Tuesday, January 3, 2012

Resisting tyranny can take many forms

I stumbled across a film on Netflix the other night. It was a documentary detailing how the tiny nation of Estonia freed itself after decades of rule by the Soviet Union.

The film is called The Singing Revolution:

The film tells the story of a national culture and music festivals playing part in the Estonia's restoration. First with quiet undertones and later as all-out, but peaceful rebellion, against Soviet rule.

Perhaps there are lessons we can apply here at home as self-proclaimed progressives in our government attempt to take our own homeland away from its traditions rooted in individual liberty, and attempt to replace it with a culture rooted in collectivism and central control.

The view provided in The Singing Revolution certainly shows the value of a people with a grassroots sense of unity.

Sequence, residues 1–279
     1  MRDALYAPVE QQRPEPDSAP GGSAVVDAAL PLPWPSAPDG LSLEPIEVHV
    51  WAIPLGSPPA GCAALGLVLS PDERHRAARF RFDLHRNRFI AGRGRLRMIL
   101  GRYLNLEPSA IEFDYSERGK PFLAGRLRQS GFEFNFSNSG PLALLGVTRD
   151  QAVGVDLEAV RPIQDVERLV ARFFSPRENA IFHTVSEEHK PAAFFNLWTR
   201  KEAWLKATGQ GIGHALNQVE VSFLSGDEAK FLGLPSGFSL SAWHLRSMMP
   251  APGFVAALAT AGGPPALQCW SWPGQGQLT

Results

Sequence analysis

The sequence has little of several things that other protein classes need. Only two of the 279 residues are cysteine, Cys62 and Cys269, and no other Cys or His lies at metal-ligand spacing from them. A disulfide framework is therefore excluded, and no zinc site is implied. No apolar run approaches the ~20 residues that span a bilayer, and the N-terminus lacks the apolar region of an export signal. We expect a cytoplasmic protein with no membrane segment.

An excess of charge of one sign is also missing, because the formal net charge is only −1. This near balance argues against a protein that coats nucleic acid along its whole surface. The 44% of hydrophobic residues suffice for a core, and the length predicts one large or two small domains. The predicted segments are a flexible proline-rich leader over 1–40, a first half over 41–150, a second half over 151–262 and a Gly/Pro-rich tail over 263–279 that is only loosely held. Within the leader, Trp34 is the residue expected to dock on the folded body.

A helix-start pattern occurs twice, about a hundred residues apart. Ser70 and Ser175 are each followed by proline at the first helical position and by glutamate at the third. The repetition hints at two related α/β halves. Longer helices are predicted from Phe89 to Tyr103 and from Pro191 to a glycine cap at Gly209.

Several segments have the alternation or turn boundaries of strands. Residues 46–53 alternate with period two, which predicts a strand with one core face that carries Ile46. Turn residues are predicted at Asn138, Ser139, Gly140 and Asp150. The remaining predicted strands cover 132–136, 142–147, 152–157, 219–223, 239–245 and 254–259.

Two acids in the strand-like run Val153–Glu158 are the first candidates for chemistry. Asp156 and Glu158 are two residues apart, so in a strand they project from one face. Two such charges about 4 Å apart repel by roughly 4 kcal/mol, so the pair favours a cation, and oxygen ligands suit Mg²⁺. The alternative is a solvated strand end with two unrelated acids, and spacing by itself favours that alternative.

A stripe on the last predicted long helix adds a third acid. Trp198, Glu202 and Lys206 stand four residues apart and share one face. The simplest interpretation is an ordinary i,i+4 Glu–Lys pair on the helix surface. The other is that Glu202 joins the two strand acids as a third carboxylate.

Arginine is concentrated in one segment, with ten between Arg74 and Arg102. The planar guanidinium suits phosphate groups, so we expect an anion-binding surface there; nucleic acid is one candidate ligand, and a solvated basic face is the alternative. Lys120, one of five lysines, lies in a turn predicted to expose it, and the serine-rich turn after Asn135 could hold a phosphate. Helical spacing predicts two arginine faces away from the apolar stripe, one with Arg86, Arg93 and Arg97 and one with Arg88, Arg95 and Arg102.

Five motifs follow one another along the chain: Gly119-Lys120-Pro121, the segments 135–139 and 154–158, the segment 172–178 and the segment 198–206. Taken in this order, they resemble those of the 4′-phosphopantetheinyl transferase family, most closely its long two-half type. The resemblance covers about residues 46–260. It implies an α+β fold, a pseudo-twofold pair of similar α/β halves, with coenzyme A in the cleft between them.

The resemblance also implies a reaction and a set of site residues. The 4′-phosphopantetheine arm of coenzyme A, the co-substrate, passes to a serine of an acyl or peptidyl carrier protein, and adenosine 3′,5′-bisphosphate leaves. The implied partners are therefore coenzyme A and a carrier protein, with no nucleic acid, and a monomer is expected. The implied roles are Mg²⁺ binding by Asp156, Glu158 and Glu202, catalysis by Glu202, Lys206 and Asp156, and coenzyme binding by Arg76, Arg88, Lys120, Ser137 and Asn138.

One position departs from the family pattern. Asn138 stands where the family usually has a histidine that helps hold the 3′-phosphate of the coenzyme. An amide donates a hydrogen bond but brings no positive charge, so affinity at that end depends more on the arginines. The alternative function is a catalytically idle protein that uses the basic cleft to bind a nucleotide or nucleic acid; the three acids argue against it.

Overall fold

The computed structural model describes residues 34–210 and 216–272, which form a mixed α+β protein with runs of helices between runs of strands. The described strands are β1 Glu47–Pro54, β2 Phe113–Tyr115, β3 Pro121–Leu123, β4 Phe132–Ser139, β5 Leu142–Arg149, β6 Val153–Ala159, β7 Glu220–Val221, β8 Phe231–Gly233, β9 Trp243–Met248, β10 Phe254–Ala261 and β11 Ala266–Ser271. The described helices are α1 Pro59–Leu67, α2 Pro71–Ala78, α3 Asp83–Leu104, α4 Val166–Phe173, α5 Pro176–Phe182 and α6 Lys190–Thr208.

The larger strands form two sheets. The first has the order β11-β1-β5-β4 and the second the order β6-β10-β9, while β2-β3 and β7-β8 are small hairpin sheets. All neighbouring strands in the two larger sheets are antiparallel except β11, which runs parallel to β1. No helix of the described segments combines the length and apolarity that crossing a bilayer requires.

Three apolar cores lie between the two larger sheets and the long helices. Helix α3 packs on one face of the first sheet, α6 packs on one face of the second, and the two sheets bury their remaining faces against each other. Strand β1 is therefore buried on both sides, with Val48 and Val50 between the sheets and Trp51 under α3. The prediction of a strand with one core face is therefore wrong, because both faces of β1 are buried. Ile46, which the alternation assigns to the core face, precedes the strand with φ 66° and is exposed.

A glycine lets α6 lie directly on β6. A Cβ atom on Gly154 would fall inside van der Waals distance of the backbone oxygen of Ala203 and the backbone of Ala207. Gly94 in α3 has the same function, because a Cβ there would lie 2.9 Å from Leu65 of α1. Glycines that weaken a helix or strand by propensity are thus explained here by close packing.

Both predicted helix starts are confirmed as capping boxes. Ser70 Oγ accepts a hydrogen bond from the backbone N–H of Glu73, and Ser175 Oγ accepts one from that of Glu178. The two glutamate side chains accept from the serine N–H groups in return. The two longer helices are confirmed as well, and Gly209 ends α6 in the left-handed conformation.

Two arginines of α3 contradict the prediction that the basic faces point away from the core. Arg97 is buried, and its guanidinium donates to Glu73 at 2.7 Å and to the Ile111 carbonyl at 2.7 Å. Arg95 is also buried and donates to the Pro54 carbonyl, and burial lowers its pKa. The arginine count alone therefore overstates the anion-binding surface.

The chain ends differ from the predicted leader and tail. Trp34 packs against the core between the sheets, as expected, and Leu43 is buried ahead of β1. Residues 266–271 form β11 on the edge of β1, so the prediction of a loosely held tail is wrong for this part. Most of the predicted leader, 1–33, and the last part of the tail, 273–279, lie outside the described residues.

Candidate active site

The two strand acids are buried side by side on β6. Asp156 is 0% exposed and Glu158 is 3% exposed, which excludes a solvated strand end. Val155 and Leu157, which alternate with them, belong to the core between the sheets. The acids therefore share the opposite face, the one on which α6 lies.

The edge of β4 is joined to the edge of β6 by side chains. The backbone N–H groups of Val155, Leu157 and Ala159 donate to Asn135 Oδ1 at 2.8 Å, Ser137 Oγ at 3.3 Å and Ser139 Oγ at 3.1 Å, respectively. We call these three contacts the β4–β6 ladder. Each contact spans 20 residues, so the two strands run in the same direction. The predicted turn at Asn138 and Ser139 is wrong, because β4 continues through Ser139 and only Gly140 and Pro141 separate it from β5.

It made me long for the large, and somewhat spontaneous, Tea Party gatherings of a couple years ago. And, in my mind, the film reveals why progressives are so fond of championing multiculturalism as an alternative to an American national identity. A people who see themselves united by common threads is much stronger than a population that's divided into groups and encouraged to complete against other segments.

Resisting tyranny at home can take many forms. Let's not overlook sometimes the most simple and natural means can also be the most effective. Speaking up for our national tradition of protecting individual freedom and liberty, and linking with like-minded people, are among of them.

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